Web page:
What if there were a call for applications to become a Pope, what CV would one present? What questions would they ask during the interview?
In the Gospel, Jesus asks Peter three questions: “Do you love me?” Now let’s face it: Peter’s CV was far from being an impressive one, at least for the good reason: By the fire, on Thursday before the crucifixion, for three times denied to know Jesus.
Peter found it hard to forgive himself or to accept that he had denied for three times his friend and Master. And when the cock crew, Peter wept bitterly. He realized what he had done: he has failed his Master... he has denied his friend. Peter could not accept it, he could not live with it and he wept. He could not stoop lower than that.
Now with this record, who would have thought that, Jesus would even think to consider Peter to be the shepherd of his flock? But Jesus’ criteria are not our criteria. He looks at the heart of man and looking at Peter’s heart, Jesus knew that Peter was fit for purpose. Why? Didn’t also Judas betray Jesus? But Peter was different than Judas. Peter learnt from his mistake and grew through it whereas Judas let himself to be conquered by his sin. After his shortcoming, Peter reformed himself whereas Judas closed himself from God’s love and mercy. Peter moved from his sinfulness, Judas did not.
By the fire, on Thursday before the crucifixion, Peter, three times denied to know Jesus. By the fire, on this Easter day, Jesus asks Peter to shepherd his sheep. Jesus, not only did He forgive Peter’s sin but also showed enough trust in him and chose him to be the first Pope.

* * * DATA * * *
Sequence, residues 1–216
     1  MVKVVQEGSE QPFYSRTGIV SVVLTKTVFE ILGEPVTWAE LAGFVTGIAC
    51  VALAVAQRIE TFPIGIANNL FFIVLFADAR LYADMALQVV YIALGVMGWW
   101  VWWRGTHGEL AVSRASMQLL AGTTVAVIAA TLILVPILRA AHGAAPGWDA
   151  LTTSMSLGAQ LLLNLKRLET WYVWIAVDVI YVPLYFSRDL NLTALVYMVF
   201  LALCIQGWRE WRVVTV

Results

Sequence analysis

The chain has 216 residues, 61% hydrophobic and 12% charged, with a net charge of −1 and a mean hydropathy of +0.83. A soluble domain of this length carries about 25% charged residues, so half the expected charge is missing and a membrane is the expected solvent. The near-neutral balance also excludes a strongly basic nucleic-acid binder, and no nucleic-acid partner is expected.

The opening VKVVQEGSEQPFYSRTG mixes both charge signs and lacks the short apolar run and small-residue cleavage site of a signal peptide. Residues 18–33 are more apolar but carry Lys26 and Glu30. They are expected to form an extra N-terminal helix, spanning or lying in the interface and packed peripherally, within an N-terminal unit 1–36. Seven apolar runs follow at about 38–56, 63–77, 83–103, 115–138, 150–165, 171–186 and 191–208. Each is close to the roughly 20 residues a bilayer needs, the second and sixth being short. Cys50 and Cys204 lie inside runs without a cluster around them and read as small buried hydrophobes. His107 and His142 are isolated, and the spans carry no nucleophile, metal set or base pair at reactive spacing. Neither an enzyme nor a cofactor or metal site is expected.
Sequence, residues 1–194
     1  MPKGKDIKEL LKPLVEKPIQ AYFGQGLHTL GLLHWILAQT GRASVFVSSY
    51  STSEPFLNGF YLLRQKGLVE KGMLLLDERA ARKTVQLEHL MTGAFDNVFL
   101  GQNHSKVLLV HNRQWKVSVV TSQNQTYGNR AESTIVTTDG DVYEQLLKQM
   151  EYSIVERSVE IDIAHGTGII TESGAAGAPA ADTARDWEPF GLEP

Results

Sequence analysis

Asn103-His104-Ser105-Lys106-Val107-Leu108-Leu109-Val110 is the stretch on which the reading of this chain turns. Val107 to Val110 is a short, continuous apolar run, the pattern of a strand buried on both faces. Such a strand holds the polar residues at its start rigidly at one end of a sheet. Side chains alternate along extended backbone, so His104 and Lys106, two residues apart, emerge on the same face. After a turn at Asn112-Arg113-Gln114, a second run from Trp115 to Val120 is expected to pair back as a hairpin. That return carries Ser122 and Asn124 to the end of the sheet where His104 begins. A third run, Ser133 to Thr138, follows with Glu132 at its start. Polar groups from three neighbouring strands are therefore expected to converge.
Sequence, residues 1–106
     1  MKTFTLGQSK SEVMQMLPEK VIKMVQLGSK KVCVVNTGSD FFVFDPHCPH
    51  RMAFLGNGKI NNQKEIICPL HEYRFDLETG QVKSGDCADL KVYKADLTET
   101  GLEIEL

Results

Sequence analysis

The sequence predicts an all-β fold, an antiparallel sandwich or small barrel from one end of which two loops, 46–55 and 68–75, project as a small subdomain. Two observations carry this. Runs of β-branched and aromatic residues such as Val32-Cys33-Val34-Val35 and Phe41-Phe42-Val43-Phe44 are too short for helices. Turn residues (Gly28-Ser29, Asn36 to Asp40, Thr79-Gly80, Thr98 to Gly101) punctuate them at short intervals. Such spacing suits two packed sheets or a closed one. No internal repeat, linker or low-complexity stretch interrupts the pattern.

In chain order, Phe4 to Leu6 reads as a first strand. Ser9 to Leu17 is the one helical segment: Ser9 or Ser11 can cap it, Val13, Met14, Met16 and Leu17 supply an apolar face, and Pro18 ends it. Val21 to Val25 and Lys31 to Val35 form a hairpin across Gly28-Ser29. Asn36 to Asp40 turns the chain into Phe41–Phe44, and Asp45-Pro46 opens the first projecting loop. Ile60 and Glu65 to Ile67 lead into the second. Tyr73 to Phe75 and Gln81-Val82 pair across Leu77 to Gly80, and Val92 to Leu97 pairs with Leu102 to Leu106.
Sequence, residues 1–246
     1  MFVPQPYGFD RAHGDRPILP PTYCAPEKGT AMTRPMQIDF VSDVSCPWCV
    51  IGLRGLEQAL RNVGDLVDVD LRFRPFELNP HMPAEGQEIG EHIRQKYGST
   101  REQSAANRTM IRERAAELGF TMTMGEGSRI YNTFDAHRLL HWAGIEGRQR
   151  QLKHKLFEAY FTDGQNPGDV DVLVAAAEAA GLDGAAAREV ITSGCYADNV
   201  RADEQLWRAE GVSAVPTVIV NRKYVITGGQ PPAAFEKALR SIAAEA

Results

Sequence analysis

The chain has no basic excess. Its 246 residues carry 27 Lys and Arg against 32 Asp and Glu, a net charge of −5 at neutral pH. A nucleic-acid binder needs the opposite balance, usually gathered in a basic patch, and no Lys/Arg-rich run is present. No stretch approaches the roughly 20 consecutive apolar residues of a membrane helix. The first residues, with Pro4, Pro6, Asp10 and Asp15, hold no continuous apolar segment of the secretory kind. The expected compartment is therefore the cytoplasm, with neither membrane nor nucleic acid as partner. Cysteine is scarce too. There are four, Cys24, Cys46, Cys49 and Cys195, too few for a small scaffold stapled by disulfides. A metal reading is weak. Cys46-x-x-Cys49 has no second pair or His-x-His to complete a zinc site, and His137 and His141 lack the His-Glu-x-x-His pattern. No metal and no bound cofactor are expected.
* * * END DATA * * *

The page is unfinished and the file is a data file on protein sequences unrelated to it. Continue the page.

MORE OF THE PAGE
Like Peter and Judas and the rest of the apostles we have our own sins and shortcomings, and Jesus, as He did with Peter is always ready to forgive our sins and to trust us. Jesus does not leave us enslaved by our past sins. Jesus gives us the possibility to be freed from our past sins. As St. Paul wrote to the Corinthians: “The one who is in Christ is a new creature. For him the old things have passed away; a new world has come.” (2Cor 5:17)
Peter’s experience could also be our experience if only we have the courage to accept God’s forgiveness and love. Through the Sacrament of Reconciliation we can obtain the forgiveness from Jesus. He forgives us and loves us inspite of the fact that we have denied him, we have disbelieved in him, we have given up on him, we have sinned against him. It takes courage to believe in God, to believe that God is ready to forgive us when we repent, to believe that notwithstanding everything God keeps on loving us. We need the courage to accept God’s love and mercy and to accept ourselves.
After his despair, Peter recovered his faith and was able to say: “Yes, Lord, you know that I love you!” Peter has to be our role-model for our repentance and reforming ourselves. We should not allow our past to overcome us as in the case of Judas, but we should allow Jesus to work in us and lead us to our repentance and reform and we should let him to put us to work for him again.